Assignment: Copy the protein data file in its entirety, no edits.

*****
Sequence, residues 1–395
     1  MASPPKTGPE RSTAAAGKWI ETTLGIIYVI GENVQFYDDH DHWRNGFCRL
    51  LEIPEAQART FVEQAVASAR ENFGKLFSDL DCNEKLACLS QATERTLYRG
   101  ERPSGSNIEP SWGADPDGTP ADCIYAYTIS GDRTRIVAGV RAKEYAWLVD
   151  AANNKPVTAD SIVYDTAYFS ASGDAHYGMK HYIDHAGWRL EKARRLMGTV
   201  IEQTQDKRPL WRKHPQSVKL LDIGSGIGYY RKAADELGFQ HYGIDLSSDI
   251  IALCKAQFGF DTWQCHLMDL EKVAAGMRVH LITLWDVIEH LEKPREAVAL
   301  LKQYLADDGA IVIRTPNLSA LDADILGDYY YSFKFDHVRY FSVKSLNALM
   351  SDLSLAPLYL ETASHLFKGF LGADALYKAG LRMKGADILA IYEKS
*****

Sequence, residues 1–395
     1  MASPPKTGPE RSTAAAGKWI ETTLGIIYVI GENVQFYDDH DHWRNGFCRL
    51  LEIPEAQART FVEQAVASAR ENFGKLFSDL DCNEKLACLS QATERTLYRG
   101  ERPSGSNIEP SWGADPDGTP ADCIYAYTIS GDRTRIVAGV RAKEYAWLVD
   151  AANNKPVTAD SIVYDTAYFS ASGDAHYGMK HYIDHAGWRL EKARRLMGTV
   201  IEQTQDKRPL WRKHPQSVKL LDIGSGIGYY RKAADELGFQ HYGIDLSSDI
   251  IALCKAQFGF DTWQCHLMDL EKVAAGMRVH LITLWDVIEH LEKPREAVAL
   301  LKQYLADDGA IVIRTPNLSA LDADILGDYY YSFKFDHVRY FSVKSLNALM
   351  SDLSLAPLYL ETASHLFKGF LGADALYKAG LRMKGADILA IYEKS